In some embodiments of the present technology, the session analyzing module 118 is configured to calculate a security-violation parameter. In some embodiments of the present technology, the security-violation parameter is implemented as an indicator of a degree of trust that a given user session is originated from an authorized user or not. In some embodiments, the security-violation parameter can be a numeric value on a given scale, such as zero to one hundred and the like, whereby the higher the numeric value the more likely it is that the user associated with the given user session is not the authorized user or vice versa.

In some embodiments of the present technology, the security-violation parameter can be calculated using the following equation:
SVP=SVP_old +(sum(sum(SVP_sess_i))+sum (SVP_i)   (Equation 1)

In which, SVP is the security-violation parameter, the SVP_old is a past security-violation parameter for a given past period of time, SVP_sess_i is a security-violation parameter associated with a given user session, or in other words, based on short-term factors (where i=0 . . . N representative of sources of the information for the user-device interaction factors and/or device specific factors), SVP_i is the security-violation parameter based on long term factors.

In some embodiments of the present technology, the session analyzing module 118 is further configured to calculate a session-independent security violation parameter (SVP_i). In some embodiments of the present technology, the session analyzing module 118 is configured to determine the session-independent security violation parameter based on the user-device interaction parameters and/or user-specific parameters that are long-term parameters, as has been described above.

Within embodiments of the present technology, the security-violation parameter associated with a given user session, which can also be thought of as a “session-specific security-violation parameter” can be calculated as follows. The session analyzing module 118 receives one or more of each of the user-device interaction parameters and device specific parameters. For each one of the one or more of each of the user-device interaction parameters and device specific parameters, the session analyzing module 118 can adjust the value of the security-violation parameter upwards or downwards (or leave unchanged for that matter), depending on what the given one of the one or more of each of the user-device interaction parameters and device specific parameters indicates.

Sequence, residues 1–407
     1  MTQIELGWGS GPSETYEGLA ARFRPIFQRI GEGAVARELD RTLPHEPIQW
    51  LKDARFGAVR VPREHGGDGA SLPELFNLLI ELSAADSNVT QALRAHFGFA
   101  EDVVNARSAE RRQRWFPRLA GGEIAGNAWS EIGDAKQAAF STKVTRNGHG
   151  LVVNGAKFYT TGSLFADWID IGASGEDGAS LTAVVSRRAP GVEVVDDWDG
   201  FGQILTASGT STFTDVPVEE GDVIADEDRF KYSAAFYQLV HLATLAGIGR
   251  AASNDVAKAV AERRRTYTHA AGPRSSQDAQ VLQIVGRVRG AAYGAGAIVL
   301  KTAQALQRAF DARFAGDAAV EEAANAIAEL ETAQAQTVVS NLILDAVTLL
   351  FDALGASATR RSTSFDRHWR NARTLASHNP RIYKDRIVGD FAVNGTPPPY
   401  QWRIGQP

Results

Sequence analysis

As such, in various embodiments of the present technology, the security violation parameter can be a negative value (if the analysis is indicative of negative parameters outweigh the positive parameters indicative of the user not being an authorized user), a positive value (if the user performs typical actions in line with the stored authorized user behavior profile) or it can be zero (in case the user's actions or the device-specific parameters do not allow for the session analyzing module 118 to make a determination.

In some embodiments of the present technology, the session analyzing module 118 is also configured to calculate a session-specific security violation parameter can be calculated using the following equation:
SVP_sess =sum(SVP_sess_i)   (Equation 1)

In which, SVP_sess is the session-specific security violation parameter and the SVP_sess_i is the security-violation parameter associated with a given user session, or in other words, based on short-term factors (where i=0 . . . N representative of sources of the information for the user-device interaction factors and/or device specific factors).

Given the architecture described above, it is possible to execute a method of processing a potentially unauthorized user access request. With reference to FIG. 4, there is depicted a block diagram of a method 400, the method 400 being executed in accordance with non-limiting embodiments of the present technology. The method 400 can be executed by the server 114 and more specifically by the session analyzing module 118.

Step 402—Receiving a First Session Identifier Associated with a First Communication Session Associated with a User Account